Boys and achievement

Simply put, girls are outperforming boys in nearly every test-subject-grade combination of Ohio’s standardized achievement tests. The table below shows that on 105 out of 145 comparisons of boys’ and girls’ proficiency rates, girls perform better. The data are sorted to compare proficiency rates (or, "pass" rates) by race, thus comparing, for example, Asian males to Asian females, Black males to Black females, et cetera.

The cells shaded in red indicate that girls outperform boys. The cells shaded in blue indicate that boys outperform girls. Darker shading indicates a greater gender difference.

We observe a whole lot of red (girls doing better), and not a lot of blue (boys doing better).

The gender gap is especially substantial in reading and writing. For example, girls' proficiency rates are 4.9 to 11.4 percentage points higher in 5th grade reading depending on race. In 10th grade writing, girls' proficiency rates are 5.1 to 14.0 percentage points higher.

Girls outperform boys: Percentage point difference in proficiency rates for girls and boys on Ohio’s standardized tests, by race - 2011-12

SOURCE: Ohio Department of Education NOTE: Differences are shown in relation to girls’ proficiency rates (e.g., 6.9 indicates that girls’ proficiency rate is 6.9 percentage points higher than boys’). ODE reports proficiency rates greater than 95 percent as “>95”; in these cases (n=11, and all occur in 11th and 12th grade), 95 percent was imputed.

A few additional items of note include:

  • Of the subjects tested, boys are most likely to outperform girls in science;
  • Girls and boys are closer to parity in math than reading and writing;
  • Of all racial groups, Black males underperform their female peers most, and especially so in reading and writing (over 10 percentage points in some instances).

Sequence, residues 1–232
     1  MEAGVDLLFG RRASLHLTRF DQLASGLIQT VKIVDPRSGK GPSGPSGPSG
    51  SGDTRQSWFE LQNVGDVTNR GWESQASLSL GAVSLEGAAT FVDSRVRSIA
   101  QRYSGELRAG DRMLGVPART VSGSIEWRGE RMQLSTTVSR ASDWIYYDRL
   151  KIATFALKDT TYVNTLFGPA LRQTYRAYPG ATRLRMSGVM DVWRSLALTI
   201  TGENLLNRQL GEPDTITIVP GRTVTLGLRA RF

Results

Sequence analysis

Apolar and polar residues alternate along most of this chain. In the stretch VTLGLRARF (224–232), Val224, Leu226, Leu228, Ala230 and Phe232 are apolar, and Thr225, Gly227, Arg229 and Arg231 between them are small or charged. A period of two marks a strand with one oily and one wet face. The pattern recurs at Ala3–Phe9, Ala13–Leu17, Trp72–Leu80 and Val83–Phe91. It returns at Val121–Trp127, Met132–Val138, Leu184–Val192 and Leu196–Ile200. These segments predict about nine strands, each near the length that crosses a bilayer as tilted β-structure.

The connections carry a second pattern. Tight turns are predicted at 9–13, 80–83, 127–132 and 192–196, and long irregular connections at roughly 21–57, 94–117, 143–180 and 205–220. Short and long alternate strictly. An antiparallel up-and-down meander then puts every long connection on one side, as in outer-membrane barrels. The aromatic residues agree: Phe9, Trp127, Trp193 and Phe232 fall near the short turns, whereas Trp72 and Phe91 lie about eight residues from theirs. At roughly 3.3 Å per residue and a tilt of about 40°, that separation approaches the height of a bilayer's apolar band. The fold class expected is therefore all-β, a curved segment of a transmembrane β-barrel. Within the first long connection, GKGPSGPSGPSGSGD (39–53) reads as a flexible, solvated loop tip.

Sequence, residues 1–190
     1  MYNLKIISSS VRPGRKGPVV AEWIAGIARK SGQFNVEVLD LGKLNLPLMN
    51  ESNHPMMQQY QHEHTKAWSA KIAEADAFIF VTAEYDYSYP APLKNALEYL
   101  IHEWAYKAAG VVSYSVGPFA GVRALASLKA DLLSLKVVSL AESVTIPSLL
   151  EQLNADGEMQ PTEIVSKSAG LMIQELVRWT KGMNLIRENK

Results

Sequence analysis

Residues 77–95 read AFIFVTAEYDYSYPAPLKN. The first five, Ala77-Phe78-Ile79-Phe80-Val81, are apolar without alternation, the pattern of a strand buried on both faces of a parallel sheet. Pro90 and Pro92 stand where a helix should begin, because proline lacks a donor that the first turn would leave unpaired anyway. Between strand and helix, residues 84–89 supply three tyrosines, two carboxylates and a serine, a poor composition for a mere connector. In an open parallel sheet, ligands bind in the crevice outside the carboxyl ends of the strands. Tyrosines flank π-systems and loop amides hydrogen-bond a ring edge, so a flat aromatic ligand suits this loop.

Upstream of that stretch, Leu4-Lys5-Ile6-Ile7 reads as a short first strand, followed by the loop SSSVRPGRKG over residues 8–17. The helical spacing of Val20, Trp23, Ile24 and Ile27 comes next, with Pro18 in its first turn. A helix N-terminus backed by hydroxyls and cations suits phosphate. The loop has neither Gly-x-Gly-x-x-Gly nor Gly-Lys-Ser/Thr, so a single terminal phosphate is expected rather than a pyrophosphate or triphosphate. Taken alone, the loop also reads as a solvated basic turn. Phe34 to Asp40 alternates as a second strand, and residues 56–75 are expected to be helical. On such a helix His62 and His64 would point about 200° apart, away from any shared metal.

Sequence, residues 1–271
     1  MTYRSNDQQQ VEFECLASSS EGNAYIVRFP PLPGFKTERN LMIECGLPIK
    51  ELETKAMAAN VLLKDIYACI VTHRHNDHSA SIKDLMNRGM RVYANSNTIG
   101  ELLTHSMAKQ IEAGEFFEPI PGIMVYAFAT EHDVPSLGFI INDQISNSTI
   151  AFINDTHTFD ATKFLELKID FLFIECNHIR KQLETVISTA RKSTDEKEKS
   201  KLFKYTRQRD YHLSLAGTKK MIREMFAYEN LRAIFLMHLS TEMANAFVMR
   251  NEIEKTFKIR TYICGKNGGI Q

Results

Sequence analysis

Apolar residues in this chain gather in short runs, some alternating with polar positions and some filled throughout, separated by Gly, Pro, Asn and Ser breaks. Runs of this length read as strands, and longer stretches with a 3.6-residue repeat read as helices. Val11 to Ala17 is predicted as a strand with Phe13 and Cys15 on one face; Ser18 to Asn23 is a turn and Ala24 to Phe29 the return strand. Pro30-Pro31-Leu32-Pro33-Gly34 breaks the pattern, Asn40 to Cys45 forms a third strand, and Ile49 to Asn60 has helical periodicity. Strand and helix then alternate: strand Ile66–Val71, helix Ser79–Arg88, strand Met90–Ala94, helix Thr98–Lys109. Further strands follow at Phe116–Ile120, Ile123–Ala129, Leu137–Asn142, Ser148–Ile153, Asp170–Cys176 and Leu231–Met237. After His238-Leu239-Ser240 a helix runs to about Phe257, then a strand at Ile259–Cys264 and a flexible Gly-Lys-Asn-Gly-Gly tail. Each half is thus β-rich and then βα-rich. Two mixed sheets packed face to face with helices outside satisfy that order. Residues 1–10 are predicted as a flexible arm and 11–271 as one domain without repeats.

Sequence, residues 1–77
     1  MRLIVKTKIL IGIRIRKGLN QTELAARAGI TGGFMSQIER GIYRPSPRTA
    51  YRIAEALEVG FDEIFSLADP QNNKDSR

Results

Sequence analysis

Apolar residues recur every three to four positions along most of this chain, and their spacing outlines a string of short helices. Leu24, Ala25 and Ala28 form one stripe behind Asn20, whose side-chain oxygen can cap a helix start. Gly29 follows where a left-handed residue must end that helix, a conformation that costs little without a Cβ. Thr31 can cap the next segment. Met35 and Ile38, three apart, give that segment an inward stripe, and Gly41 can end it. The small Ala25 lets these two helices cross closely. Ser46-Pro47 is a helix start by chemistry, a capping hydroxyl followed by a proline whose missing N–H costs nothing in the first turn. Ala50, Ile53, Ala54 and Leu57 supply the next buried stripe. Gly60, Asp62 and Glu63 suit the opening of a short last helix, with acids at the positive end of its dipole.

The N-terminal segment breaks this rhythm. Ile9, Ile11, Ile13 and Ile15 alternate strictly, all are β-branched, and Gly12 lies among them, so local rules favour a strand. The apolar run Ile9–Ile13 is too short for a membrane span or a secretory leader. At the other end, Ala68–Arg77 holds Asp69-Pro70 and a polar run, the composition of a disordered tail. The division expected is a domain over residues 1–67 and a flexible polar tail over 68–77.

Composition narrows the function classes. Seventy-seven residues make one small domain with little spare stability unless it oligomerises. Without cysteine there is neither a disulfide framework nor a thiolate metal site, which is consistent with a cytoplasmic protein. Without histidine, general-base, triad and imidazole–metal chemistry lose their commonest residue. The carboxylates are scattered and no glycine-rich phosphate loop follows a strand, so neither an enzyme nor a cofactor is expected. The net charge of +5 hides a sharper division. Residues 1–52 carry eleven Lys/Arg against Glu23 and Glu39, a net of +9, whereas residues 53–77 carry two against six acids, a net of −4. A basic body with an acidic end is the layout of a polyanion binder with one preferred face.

My working hypothesis for now is that school culture tilts toward favoring girls over boys. This may include anything from how discipline is handled—the New York Times reports that boys, especially Black boys, generally face the harshest disciplinary measures. It could be that the disproportionate number of female teachers hinders boys’ learning. Thomas Dee makes this argument in Education Next, suggesting that “if half the English teachers in 6th, 7th, and 8th grades were male . . . the achievement gap [between boys and girls] would fall by approximately a third by the end of middle school.” Or, perhaps boys, who are particularly prone to being identified as “special needs,” lose some of the educational opportunities that general-ed students have.

Or, maybe it’s just a fact that when it comes to schooling, “boys will be boys”—and at the end of the day, boys are by nature not so bright.

Aaron Churchill
Aaron Churchill is a Ohio Research Director at the Thomas B. Fordham Institute